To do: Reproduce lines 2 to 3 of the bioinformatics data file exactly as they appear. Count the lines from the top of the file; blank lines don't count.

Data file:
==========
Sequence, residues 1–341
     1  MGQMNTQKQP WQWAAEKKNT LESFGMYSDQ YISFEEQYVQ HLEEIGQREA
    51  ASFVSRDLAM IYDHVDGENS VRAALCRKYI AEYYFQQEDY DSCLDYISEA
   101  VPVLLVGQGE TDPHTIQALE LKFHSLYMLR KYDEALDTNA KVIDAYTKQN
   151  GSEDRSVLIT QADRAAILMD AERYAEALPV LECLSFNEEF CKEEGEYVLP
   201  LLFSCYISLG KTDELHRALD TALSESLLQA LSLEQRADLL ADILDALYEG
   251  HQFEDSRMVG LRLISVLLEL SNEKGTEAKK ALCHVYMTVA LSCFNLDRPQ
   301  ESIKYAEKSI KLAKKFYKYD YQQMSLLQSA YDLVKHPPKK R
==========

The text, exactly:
     1  MGQMNTQKQP WQWAAEKKNT LESFGMYSDQ YISFEEQYVQ HLEEIGQREA
    51  ASFVSRDLAM IYDHVDGENS VRAALCRKYI AEYYFQQEDY DSCLDYISEA